The Beat that My Heart Skipped

A French Neo-Noir steeped in beautiful music

The Beat that My Heart Skipped
Though he's directed only four features, a case could be made for writer-director Jacques Audiard as France's most compelling, most visceral and exciting filmmaker. A case his latest film, the forceful The Beat That My Heart Skipped, does nothing but strengthen.

A frenetic young man can't choose between his father's mobster life and his mother's world of the concert piano. With Romain Duris indelible as protagonist Tom, The Beat cuts to the bone emotionally and refuses to flinch.

Determined to avoid what he called "over-insistent jump cutting," Audiard decided that every scene should be done in long, single-shot takes. And making those shots hand-held and almost always from Tom's point of view ensures that, in Fontaine's words, "the camera is an organic part of the character. It has to feel the same things that Tom feels, experience the things he experiences."

One day, completely by chance, Tom catches sight of his mother's former agent. It's clear from their conversation that once upon a time Tom was a pianist with promise, so much so that the agent leaves him with an open invitation to audition when he feels ready.

Rather than brush the invite aside, he feels it take hold of him like a powerful drug, the dream of the person he might have been haunting him like a ghost. The heart of "The Beat That My Heart Skipped" is the uncomfortable, unavoidable conflict between these two halves of Tom, whose passion for the piano also symbolizes a desire to escape his life that he refuses to acknowledge. (K. Turan, L.A. Times)

The Beat that My Heart Skipped

Thu & Fri October 27 & 28, 2005, 7:00 & 9:15, Muenzinger Auditorium

107min, France, 2005, in French w/English subtitles, Color • official site



10 films for $60 with punch card
$9 general admission. $7 w/UCB student ID, $7 for senior citizens
$1 discount to anyone with a bike helmet
Free on your birthday! CU Cinema Studies students get in free.


Pay lot 360 (now only $1/hour!), across from the buffalo statue and next to the Duane Physics tower, is closest to Muenzinger. Free parking can be found after 5pm at the meters along Colorado Ave east of Folsom stadium and along University Ave west of Macky.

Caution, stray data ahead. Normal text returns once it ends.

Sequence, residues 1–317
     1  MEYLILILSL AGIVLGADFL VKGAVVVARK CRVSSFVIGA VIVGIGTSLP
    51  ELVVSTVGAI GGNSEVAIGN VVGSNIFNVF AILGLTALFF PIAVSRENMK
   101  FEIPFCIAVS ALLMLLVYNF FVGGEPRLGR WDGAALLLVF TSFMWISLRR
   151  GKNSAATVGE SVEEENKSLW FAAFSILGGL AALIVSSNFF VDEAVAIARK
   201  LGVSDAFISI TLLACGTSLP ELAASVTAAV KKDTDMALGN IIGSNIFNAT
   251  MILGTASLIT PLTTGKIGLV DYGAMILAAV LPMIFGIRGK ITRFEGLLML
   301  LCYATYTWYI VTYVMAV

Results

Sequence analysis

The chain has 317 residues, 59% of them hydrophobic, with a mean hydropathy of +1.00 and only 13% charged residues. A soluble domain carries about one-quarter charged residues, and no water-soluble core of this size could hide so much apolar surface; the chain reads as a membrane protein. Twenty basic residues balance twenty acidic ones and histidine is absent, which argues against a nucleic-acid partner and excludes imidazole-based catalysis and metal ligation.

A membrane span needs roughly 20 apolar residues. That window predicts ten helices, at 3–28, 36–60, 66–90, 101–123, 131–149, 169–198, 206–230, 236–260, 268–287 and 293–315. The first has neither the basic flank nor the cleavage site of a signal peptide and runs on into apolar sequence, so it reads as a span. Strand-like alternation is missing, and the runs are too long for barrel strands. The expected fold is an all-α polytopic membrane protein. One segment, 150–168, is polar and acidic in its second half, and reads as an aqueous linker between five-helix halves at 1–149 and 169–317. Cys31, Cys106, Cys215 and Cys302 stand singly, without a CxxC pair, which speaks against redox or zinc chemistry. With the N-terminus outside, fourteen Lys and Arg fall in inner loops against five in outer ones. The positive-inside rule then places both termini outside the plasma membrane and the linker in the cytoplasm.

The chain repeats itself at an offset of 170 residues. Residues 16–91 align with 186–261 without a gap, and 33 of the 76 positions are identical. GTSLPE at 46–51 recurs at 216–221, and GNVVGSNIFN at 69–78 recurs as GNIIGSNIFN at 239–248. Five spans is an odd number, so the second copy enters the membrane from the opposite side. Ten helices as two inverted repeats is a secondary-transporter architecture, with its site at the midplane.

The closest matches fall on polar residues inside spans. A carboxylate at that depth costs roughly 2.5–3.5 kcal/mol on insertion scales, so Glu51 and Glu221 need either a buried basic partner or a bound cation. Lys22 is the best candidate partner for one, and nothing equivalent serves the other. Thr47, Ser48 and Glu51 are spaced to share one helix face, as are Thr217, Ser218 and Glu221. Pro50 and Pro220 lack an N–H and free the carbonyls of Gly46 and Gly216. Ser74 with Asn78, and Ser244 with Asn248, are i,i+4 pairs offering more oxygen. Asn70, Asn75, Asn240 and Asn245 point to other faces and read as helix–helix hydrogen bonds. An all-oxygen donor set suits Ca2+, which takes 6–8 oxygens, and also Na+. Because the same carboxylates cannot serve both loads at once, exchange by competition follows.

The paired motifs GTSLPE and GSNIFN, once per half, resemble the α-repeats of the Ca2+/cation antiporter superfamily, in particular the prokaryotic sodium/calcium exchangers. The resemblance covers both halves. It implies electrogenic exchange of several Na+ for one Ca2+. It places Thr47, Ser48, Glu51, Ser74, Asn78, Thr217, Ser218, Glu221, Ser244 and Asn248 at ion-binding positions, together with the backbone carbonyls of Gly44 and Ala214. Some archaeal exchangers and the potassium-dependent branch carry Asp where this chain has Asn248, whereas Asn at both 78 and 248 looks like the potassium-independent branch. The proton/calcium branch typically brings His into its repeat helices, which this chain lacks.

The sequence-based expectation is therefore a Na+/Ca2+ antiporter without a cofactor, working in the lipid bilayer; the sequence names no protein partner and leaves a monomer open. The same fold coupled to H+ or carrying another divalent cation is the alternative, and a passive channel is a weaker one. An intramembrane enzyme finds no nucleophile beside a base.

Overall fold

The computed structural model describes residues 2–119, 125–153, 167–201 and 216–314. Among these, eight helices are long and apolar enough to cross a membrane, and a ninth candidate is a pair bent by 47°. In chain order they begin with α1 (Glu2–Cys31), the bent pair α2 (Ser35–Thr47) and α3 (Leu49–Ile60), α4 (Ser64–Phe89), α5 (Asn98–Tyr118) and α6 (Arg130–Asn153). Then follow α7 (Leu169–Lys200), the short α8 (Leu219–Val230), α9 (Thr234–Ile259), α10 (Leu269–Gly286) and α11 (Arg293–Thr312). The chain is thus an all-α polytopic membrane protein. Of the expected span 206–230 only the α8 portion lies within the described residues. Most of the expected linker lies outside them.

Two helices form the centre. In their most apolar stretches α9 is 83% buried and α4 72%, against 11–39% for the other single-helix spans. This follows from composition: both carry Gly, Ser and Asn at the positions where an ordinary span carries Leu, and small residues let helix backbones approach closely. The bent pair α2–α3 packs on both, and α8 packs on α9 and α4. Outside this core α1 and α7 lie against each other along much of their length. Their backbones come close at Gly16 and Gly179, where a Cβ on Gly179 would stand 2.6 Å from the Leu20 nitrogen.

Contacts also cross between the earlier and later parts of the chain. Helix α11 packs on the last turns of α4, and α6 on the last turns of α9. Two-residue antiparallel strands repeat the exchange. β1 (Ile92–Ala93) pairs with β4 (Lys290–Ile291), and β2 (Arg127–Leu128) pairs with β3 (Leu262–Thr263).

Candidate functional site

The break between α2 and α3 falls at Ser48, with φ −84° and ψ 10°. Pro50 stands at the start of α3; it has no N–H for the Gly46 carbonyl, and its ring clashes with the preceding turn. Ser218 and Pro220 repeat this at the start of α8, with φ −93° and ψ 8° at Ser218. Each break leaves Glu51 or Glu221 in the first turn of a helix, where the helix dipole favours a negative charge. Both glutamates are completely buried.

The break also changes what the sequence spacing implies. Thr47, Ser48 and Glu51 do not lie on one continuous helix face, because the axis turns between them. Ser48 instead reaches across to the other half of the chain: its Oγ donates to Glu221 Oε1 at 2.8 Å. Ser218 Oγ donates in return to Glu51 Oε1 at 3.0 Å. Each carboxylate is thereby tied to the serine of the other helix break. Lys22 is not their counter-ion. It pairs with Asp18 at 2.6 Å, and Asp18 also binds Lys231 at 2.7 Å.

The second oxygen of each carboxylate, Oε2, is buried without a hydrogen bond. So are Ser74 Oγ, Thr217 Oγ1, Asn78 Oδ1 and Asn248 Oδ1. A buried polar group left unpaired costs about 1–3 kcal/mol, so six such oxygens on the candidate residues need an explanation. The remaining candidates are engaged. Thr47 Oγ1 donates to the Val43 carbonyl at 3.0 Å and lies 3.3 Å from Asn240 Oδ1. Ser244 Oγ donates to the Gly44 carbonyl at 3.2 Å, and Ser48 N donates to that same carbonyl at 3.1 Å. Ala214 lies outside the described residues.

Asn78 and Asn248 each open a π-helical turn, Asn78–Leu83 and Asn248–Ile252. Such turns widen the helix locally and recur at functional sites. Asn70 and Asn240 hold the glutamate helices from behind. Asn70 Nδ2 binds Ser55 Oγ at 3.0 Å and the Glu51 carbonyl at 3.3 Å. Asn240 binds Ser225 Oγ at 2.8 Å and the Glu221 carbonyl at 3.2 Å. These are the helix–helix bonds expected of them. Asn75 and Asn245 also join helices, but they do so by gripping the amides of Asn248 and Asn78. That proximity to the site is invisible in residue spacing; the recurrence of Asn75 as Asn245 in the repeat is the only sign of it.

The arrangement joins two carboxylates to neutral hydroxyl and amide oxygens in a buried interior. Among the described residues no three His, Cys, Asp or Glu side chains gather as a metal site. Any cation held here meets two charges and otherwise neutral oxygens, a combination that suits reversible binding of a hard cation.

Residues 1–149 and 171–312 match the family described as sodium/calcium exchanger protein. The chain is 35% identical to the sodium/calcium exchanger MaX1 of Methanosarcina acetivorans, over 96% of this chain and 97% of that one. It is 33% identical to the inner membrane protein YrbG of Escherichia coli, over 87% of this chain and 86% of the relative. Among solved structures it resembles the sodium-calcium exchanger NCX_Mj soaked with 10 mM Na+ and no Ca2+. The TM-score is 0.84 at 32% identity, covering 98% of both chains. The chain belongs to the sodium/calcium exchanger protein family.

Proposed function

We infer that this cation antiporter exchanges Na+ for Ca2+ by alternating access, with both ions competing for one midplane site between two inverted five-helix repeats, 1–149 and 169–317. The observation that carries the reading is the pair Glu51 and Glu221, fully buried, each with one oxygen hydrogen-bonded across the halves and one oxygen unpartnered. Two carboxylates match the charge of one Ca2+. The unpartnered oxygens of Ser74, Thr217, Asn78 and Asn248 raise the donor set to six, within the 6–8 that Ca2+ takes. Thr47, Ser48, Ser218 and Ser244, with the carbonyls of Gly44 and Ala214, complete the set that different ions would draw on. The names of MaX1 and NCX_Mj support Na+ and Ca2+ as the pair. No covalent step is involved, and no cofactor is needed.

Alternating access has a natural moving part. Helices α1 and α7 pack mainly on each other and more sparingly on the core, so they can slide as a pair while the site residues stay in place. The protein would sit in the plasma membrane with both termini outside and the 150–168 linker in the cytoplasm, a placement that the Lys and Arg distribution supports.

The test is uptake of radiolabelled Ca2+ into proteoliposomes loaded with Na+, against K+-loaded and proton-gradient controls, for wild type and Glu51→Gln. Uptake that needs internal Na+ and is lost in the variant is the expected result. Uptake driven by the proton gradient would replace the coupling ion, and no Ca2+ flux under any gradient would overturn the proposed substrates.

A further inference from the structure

Park elsewhere and catch the HOP to campus

International Film Series

(Originally called The University Film Commission)
Established 1941 by James Sandoe.

First Person Cinema

(Originally called The Experimental Cinema Group)
Established 1955 by Carla Selby, Gladney Oakley, Bruce Conner and Stan Brakhage.

C.U. Film Program

(AKA The Rocky Mountain Film Center)
First offered degrees in filmmaking and critical studies in 1989 under the guidance of Virgil Grillo.

Celebrating Stan

Created by Suranjan Ganguly in 2003.

C.U. Department of Cinema Studies & Moving Image Arts

Established 2017 by Chair Ernesto Acevedo-Muñoz.

Thank you, sponsors!
Boulder International Film Festival
Department of Cinema Studies & Moving Image Arts

Looking for a gift for a friend?
Buy a Frequent Patron Punch Card for $60 at any IFS show. With the punch card you can see ten films (a value of $90).

Virtual titles to stream from home

Cox & Kjølseth
: Filmmaker Alex Cox & Pablo Kjølseth discuss film topics from their own unique perspectives.

: Pablo and Ana share Zoom-based briefs on what's currently playing at IFS

Sprocket Damage
: Sprocket Damage digs deep(ish) into current and classic films and film-related subjects to bring to you insightful, humorous, and enlightening perspectives on the industry.

Search IFS schedules

Index of visiting artists

Thu Jan 26, 2023

Monty Python and the Holy Grail

At Muenzinger Auditorium

Thu Feb 2, 2023

Groundhog Day

At Muenzinger Auditorium

more on 35mm...